Please help - huygens / salomon coster hague clock....

Discussion in 'General Clock Discussions' started by wfrose21, Aug 19, 2014.

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  1. wfrose21

    wfrose21 Registered User

    Aug 19, 2014
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    hello everybody,

    i'm in need of some help from yourselves.

    first to admit my focus area is fine art and between lots at a rural auction here in the UK i bought a simple clock on a punt.

    now, the situation is, i have purchased what books are available and sifted thorough any available literature online but given the scarcity of the items i am still a bit in the dark and even some clock refurbishers i have been in touch with are on the fence. this is where you come in....

    what we are dealing with is a hague clock of ebony wood and rosewood interior, simple huygens movement, and a cartouche inscribed salomon coster met privilege 1657

    now, until proven otherwise, given the rarity of coster clocks, i have to assume the item is 90% fake. it is of the general concensous that if this is a reproduction it has certainly been done to be of no financial gain, purely and absolutely fanatical in its copying?

    materials, mechanism, dimensions, inscribings and etching fonts etc all match what i can find in books / online. how can it be date tested? i beleive the hands have been repaired? and although the photos dont show it, the pendulum is in a seperate bag. it is extremely frail and delicate.

    please if any of you can aid in suggesting an authority i should be contacting about this or can provide some pearls of wisdom independantly it would be much appreciated.

    as mentioned i am a complete newbie to clocks. one thinks it is an extrememly honest reproduction (though i cant see evidence of any existing elsewhere to compare to, do you know of any?) but there is always the excitement that there could be more to it...

    i love the story of the first coster clocks, to an era near when galileo was staring in the sky and cromwell was stomping around the UK, so exploring this item is of great fun to me and i hope interesting to some of you.

    hope to hear from some of you. pictures attached.

    thanks

    will

    coster1.jpg coster2.jpg coster3.jpg coster4.jpg coster5.jpg coster6.jpg coster7.jpg coster8.jpg coster9.jpg
     
  2. wfrose21

    wfrose21 Registered User

    Aug 19, 2014
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    further pics or any info you need let me know.... coster10.jpg
     
  3. gmorse

    gmorse Registered User
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    Hi,

    I'm no expert in this rather esoteric field, but I have handled, dismantled and closely examined watches from the later 17th century, and to me everything looks far too crisp and unmarked to be that old. I should contact the British Museum Horology department as a first step.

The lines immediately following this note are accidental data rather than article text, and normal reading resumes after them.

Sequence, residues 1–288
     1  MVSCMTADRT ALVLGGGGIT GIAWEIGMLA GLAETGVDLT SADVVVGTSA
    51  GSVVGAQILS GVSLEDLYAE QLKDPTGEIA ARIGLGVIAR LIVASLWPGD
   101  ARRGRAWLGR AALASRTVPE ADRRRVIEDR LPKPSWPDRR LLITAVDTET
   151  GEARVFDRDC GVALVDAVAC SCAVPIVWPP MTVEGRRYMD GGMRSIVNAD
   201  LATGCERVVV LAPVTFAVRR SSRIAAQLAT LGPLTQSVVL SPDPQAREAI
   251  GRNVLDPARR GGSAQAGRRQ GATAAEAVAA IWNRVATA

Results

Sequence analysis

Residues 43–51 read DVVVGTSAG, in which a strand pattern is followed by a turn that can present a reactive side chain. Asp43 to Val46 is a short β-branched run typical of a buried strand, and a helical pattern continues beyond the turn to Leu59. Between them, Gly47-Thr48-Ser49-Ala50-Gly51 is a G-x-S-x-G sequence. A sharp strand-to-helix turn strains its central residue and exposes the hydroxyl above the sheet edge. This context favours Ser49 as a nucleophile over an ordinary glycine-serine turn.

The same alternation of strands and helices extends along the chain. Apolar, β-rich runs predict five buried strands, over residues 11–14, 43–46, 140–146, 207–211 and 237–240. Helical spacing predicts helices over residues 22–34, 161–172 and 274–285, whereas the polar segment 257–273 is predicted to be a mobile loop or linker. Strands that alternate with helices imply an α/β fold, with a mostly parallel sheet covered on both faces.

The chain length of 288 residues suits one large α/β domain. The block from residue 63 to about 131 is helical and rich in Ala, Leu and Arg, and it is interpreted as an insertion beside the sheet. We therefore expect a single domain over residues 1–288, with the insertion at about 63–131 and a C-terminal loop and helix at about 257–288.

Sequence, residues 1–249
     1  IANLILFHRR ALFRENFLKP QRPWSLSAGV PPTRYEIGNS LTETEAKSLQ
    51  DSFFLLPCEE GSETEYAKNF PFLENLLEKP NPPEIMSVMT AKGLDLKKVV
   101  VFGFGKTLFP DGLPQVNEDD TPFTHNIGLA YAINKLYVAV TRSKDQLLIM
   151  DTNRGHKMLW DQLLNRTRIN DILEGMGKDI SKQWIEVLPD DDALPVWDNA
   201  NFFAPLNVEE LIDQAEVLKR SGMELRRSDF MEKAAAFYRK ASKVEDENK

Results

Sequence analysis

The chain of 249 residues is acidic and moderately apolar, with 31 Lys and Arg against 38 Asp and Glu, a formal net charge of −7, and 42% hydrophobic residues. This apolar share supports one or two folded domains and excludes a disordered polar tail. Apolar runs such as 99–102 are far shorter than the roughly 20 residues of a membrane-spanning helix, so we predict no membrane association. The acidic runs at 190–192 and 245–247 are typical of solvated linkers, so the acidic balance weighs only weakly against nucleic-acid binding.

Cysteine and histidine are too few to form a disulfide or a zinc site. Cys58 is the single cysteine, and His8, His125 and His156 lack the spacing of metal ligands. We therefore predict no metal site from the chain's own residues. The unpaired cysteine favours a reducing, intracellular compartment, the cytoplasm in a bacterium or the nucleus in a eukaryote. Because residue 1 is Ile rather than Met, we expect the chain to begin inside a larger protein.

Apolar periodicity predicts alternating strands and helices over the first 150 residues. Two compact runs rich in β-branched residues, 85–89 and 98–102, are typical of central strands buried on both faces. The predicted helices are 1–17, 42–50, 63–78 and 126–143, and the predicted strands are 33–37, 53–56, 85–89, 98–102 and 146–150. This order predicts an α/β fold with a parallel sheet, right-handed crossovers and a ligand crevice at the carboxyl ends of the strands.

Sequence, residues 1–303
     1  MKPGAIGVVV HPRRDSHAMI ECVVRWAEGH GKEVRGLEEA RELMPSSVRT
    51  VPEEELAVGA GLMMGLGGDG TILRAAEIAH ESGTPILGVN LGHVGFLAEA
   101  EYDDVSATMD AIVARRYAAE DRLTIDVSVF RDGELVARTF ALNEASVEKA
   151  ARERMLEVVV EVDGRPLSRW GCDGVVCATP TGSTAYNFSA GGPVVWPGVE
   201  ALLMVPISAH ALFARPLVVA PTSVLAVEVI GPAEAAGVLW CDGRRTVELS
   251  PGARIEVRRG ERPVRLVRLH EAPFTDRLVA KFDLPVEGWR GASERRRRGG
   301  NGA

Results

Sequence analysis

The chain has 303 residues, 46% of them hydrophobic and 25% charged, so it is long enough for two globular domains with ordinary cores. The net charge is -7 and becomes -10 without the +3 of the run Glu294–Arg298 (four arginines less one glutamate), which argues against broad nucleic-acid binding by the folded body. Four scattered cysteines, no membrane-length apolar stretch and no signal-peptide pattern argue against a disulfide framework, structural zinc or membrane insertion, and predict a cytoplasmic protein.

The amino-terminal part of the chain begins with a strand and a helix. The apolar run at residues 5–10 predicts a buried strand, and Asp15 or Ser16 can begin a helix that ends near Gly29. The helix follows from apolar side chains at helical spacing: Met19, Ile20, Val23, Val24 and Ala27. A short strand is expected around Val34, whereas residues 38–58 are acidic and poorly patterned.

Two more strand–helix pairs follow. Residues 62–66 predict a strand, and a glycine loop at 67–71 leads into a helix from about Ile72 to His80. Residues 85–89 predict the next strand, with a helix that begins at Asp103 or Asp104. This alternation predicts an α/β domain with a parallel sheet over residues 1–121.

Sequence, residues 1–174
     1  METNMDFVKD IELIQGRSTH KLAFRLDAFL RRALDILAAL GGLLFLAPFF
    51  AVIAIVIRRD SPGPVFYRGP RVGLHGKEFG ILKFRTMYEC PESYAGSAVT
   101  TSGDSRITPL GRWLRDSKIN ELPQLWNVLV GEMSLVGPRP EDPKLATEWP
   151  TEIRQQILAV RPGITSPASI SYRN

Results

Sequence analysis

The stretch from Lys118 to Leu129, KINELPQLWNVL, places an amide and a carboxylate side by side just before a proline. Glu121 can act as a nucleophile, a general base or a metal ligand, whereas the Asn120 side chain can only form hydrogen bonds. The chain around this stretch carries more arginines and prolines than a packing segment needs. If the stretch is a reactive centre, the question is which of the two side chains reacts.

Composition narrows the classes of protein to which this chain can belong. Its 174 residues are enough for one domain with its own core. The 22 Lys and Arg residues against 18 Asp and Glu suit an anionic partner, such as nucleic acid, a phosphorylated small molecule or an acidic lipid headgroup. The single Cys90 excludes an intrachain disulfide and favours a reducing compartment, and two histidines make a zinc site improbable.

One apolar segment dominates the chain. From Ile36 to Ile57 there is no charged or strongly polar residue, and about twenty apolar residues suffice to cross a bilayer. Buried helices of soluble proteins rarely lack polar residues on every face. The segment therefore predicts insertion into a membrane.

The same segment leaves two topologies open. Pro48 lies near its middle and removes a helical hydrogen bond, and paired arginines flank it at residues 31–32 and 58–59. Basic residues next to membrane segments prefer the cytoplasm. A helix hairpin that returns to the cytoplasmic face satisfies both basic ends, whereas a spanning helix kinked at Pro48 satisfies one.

Regards,

    Graham
     
  4. wfrose21

    wfrose21 Registered User

    Aug 19, 2014
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    Thank you graham.

     
  5. gmorse

    gmorse Registered User
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    #5 gmorse, Aug 19, 2014
    Last edited: Aug 19, 2014
    Hi,

    Having looked further, there are what appear to be flux stains around the base of the cycloidal cheeks and on the contrate potence. The teeth of the contrate wheel look machine-cut; this is a contrate wheel from a 1690 table clock movement for comparison.

    DSCF1399.jpg

    This is a near contemporary of yours in the BM with distinct similarities, but look at the difference in the pillars.

    Regards,

    Graham
     
  6. tok-tokkie

    tok-tokkie Registered User

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    I take it you are in the UK. Bonhams Auctions have a very good clock section. The person in charge of clocks is Paul Maudsley (was in 2009). A very approachable man.
    My uninformed opinion is it is far too crisp to be that old. But a lovely & interesting clock to possess.
     
  7. DeanT

    DeanT Registered User

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  8. wfrose21

    wfrose21 Registered User

    Aug 19, 2014
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    thank you everyone. i have also been in touch with the clocks specialist at sothebys who have commented '[FONT=&quot]There are some indicators but they are certainly not full proof that this timepiece is a later copy. It is only by full and detailed inspection that it would be possible to draw a fuller conclusion and this is not something that could be carried out on a 'while-you-wait' basis.' [FONT=&quot]'....to contact the British Museum clock department and seek their opinion of your timepiece. If it is rejected by them as a later copy you will have a definitive answer.'

    [/FONT]
    [/FONT]
    [FONT=&quot][FONT=&quot]DeanT, it is certainly an extremely honest copy if so, the clock makers who have seen it have said it obsessive / fanatical in its accuracy and a beautiful example of a lovely part of hisory.[/FONT][/FONT][FONT=&quot][FONT=&quot]

    [/FONT]
    [/FONT]
    [FONT=&quot][FONT=&quot]again, thanks for all your comments. much appreciated.[/FONT][/FONT][FONT=&quot][FONT=&quot]


    [/FONT]
    [/FONT]
     
  9. Ben Hordijk

    Ben Hordijk New Member

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  10. Ben Hordijk

    Ben Hordijk New Member

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    Dear Will,
    I just saw your question. I advise you to go to the website of The Horological Foundation www.antique-horology.org, than click on articles, than the second article The invention of the Pendulum Clock. In this article are all the characteristics of Coster. I am one of the authors and I am also the author of the book The life and Work of Nicolas Hanet. Hanet was one of the co-workers in Costers workshop.